On February 22nd, Blanca Cardenas, a 37-year-old mother of a 19-month-old girl, was arrested by Los Angeles Police Department officers for trespassing during a foreclosure protest at the home she used to live in.
Despite posting bail, Cardenas was held in LAPD custody for one week before Immigration and Customs Enforcement picked her up Wednesday and deported her “within hours,” according to the LA Weekly.
Simone Wilson at the LA Weekly describes the sequence of events:
According to Quinones, he and his wife were “in a fight” with Bank of America over their home. The couple filed for bankruptcy, believing that would protect them from the foreclosure. But he claims then Bank of America resold the home, and the new owner reported Cardenas and Quinones for trespassing.
“She tried to show [the police] paperwork that shows she is the legal owner of the property,” says Quinones. “And she refused to leave the house.”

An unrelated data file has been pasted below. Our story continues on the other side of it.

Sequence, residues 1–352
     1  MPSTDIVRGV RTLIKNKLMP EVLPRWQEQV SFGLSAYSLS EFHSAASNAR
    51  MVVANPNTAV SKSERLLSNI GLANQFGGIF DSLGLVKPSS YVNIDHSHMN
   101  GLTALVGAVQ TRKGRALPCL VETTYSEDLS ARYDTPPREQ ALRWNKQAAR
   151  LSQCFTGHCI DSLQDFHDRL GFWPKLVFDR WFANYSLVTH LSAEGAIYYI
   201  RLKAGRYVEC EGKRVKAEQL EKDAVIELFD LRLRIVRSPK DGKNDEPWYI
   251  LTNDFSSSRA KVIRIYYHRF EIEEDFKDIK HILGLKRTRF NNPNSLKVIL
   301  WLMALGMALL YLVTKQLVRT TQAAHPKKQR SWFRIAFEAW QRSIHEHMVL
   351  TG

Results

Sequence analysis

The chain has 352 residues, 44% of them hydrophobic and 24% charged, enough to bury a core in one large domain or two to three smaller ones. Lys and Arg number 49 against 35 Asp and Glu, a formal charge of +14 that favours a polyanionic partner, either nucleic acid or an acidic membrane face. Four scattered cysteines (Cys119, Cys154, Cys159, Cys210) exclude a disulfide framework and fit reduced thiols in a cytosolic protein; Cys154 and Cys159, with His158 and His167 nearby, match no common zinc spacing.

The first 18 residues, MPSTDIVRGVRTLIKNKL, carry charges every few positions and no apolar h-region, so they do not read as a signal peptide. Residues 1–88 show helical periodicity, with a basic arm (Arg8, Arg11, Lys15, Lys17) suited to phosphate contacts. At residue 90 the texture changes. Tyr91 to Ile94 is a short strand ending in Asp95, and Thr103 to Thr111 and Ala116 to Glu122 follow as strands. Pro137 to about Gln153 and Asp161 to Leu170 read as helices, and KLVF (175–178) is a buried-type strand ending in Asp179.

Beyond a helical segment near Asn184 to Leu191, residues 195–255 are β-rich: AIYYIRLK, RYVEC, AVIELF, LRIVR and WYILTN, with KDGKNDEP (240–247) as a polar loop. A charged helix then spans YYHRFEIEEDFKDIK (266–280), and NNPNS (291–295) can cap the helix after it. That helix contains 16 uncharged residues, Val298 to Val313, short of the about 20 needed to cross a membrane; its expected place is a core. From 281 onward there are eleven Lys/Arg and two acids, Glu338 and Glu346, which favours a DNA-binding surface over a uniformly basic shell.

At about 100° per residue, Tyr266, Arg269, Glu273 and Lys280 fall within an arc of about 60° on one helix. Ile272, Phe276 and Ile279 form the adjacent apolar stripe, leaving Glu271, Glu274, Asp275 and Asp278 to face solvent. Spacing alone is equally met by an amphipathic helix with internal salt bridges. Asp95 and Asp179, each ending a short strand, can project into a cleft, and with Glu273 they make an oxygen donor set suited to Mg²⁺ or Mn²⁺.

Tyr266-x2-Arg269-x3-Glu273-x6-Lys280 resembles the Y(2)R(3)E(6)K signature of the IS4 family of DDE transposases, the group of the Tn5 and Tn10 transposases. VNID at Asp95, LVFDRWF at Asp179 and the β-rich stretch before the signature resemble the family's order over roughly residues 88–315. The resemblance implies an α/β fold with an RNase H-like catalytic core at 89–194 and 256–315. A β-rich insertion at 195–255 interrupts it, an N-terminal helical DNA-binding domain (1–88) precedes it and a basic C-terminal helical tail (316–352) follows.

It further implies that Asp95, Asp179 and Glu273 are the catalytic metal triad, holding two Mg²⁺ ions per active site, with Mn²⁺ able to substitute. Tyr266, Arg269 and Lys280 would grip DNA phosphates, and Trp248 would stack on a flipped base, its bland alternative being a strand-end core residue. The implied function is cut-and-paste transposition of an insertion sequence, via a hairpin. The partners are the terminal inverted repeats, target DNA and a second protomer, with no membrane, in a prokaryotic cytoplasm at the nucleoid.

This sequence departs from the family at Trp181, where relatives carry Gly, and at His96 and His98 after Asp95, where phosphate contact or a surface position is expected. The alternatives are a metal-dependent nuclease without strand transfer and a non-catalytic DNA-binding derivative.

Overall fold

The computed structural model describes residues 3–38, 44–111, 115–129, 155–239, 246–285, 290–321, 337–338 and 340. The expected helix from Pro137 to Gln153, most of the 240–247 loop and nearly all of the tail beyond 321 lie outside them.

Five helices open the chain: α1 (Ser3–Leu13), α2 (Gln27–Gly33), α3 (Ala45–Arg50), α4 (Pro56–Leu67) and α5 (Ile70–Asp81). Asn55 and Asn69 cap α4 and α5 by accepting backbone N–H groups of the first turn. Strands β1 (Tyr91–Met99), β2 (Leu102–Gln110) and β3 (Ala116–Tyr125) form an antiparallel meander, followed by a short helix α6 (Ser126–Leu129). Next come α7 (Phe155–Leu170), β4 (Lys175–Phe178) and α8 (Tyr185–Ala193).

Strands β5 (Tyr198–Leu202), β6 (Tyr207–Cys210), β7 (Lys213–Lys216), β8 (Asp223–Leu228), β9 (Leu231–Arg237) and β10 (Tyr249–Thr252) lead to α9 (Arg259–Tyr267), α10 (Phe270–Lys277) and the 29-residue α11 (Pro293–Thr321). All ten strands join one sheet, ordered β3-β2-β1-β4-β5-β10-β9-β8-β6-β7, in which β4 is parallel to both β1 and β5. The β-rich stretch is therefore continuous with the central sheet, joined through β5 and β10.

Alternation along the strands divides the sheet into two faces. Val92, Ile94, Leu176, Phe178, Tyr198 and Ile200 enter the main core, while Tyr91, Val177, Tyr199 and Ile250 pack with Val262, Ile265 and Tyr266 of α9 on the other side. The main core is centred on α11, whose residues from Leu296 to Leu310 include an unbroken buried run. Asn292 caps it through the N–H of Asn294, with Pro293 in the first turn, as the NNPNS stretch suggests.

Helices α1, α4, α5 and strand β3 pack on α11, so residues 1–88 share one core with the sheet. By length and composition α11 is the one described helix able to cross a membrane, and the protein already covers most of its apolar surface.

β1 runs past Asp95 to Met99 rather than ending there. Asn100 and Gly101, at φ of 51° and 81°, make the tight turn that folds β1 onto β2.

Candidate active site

In a statement provided to the LA Weekly, ICE confirmed Cardenas’ deportation yesterday: Ms. Cardenas Flores was removed to Mexico at approximately 5:15 p.m. Wednesday (Feb. 29) after coming into ICE’s custody earlier in the day. Cardenas Flores was previously removed from the United States in 2002. ICE reinstated her prior order of removal, paving the way for her repatriation Wednesday afternoon. ICE is focused on smart, effective immigration enforcement that prioritizes the removal of criminal aliens, recent border crossers and egregious immigration law violators, such as those who have been previously removed from the United States.
Cardenas’ husband explained to the LA Weekly that 10 years ago, his wife “had to go to Mexico for a problem with the family” and when she tried to re-enter the U.S. she was detained and sent her back to Mexico. “Quinones says she eventually made it home to her family in L.A. (illegally), but never went to court.”
Cardenas’ 19-month old daughter isn’t sleeping well at night since her mother was deported. “She was waking up every hour because she’s used to sleeping with her mother,” a member of the family told Estrella-TV.
A recent Colorlines.com investigation found families are more likely to be separated when local police aggressively participate in immigration enforcement. There are at least 5,100 children currently living in foster care who are prevented from uniting with their detained or deported parents.